The parties' Joint Stipulation sets out the following disputed issues:

1. Whether the ALJ properly considered the opinion of Dr. Shaniah Sicariaz-Lambert, an examining physician;

2. Whether the ALJ properly considered the opinion of Dr. Ernest Bagner, an examining physician;

3. Whether the ALJ properly evaluated plaintiff's ability to return to his past relevant work; and

4. Whether the ALJ properly considered plaintiff's mental and physical impairments as reflected in the opinions of Drs. Lambert and Bagner.

[JS 2.]

As discussed below, Issue Two is dispositive.


According to the record, plaintiff stated he was injured in August 2005, during Hurricane Katrina, when an object struck his head, rupturing his left eardrum. [AR 182.] In October 2005, plaintiff underwent an internal medicine evaluation conducted by Dr. Lambert. [AR 170-74.] Plaintiff complained of shortness of breath and chest pain. [AR 170.] Plaintiff also reported, among other things, a history of hypertension, hepatitis C without a history of jaundice, and that he has been smoking cigarettes for thirty-six years. [AR 171.] Dr. Lambert conducted a physical examination, but no medical records were submitted for her review. [AR 171-73.] Upon examining plaintiff's head, ears, eyes, nose and throat, Dr. Lambert noted they were "normocephalic without evidence of previous trauma." [AR 172.]

Dr. Lambert diagnosed plaintiff with shortness of breath, hypertension currently well controlled, and hepatitis C without significant evidence of liver decompensation. [AR 174.] In her functional assessment, Dr. Lambert stated that plaintiff should be limited to work consistent with a medium exertional level, but with pulmonary limitations against exposure to dust, pollen, cigarette smoke and noxious elements, among other things.*fn2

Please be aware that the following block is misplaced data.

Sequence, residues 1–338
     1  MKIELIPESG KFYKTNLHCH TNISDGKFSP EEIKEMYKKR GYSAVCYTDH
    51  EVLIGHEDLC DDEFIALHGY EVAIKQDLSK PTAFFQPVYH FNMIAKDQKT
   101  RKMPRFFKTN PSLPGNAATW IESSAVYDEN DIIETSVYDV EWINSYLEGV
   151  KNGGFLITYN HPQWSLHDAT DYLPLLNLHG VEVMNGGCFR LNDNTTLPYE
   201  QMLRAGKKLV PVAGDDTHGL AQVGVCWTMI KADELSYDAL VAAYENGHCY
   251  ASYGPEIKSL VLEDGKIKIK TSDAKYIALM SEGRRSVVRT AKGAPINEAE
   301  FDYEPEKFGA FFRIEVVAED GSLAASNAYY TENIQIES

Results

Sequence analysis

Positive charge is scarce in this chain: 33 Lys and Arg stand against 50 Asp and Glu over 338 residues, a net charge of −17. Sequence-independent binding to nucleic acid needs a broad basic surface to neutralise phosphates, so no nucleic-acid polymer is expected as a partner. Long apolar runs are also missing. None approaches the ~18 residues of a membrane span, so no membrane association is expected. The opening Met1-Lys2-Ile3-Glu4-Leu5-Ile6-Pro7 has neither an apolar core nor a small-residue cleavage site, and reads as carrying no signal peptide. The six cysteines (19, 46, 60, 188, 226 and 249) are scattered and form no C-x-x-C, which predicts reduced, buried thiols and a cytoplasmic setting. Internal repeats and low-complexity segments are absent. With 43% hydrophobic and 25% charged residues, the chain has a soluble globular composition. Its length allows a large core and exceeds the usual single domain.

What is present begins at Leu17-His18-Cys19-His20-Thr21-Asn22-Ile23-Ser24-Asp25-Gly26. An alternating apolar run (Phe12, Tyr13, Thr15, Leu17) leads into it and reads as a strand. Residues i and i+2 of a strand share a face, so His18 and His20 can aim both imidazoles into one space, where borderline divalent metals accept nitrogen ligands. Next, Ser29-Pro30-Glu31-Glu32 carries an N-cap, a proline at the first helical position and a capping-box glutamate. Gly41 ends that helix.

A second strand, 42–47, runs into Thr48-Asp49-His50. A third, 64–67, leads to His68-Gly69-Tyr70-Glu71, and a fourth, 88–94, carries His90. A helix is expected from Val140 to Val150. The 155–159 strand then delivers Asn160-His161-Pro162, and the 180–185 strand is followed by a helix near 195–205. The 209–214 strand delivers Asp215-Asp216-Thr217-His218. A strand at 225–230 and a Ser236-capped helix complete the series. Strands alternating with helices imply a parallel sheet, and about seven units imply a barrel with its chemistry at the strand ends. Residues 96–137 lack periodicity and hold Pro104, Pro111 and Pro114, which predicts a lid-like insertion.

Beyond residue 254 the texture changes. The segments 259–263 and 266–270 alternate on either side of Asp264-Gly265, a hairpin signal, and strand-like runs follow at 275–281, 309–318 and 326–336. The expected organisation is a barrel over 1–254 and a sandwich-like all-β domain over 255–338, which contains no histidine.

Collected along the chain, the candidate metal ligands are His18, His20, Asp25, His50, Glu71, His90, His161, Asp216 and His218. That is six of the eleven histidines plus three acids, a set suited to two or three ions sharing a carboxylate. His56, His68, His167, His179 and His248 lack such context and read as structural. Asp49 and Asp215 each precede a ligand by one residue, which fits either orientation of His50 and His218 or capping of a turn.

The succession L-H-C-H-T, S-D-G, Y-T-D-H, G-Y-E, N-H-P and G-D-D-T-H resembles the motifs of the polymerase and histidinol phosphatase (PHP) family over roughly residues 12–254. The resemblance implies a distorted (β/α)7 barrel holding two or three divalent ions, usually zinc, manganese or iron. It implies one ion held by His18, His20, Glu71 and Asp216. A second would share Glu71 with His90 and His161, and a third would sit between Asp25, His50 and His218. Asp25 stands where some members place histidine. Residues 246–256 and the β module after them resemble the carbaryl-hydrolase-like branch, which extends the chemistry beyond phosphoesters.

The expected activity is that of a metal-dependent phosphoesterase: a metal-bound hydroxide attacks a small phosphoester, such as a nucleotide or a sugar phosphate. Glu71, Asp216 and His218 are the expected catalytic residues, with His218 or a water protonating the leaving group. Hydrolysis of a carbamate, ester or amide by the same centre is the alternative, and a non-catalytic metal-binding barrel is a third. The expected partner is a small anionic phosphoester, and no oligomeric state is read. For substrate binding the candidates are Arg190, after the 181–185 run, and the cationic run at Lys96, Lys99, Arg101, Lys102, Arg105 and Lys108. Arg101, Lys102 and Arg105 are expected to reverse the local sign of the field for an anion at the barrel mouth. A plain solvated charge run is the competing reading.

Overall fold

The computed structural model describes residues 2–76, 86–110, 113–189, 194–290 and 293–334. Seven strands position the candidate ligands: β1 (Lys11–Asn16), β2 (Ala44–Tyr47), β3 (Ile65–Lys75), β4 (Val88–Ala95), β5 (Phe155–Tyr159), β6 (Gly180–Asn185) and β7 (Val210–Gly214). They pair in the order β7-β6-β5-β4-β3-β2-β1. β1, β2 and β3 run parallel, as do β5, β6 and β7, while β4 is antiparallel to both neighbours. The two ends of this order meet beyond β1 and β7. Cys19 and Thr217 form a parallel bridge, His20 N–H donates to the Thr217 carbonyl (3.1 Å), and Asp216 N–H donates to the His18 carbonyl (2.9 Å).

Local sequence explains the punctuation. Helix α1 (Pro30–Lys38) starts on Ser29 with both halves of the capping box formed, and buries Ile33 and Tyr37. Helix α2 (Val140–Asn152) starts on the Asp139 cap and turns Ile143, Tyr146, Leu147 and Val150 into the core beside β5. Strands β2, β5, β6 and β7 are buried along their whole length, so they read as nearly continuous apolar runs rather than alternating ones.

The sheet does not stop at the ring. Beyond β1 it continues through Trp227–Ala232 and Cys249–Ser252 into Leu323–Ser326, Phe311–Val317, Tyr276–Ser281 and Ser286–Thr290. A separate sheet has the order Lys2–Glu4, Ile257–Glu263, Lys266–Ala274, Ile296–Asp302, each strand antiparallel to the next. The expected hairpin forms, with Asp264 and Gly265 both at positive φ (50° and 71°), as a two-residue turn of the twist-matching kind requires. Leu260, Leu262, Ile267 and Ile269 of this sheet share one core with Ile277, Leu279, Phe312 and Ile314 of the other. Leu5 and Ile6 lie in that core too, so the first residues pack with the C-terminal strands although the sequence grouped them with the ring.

In the administrative opinion, the ALJ summarized Dr. Lambert's examining opinion, including her findings, as noted above, of plaintiff's history of hypertension and hepatitis C without liver decompensation, and his functional limitation to medium work with certain pulmonary restrictions, such as avoidance of dust, pollen or smoke, but also noted plaintiff's long history of smoking. [AR 17.] The ALJ took Dr. Lambert's opinion into account in the sequential evaluation by finding that plaintiff's hypertension and hepatitis C were severe impairments at step two; however, the ALJ's final RFC assessment of the full range of light work was more restrictive exertionally than Dr. Lambert's functional assessment of medium work but did not include the pulmonary restrictions against dust, pollen, cigarette smoke and noxious elements. [AR 15.]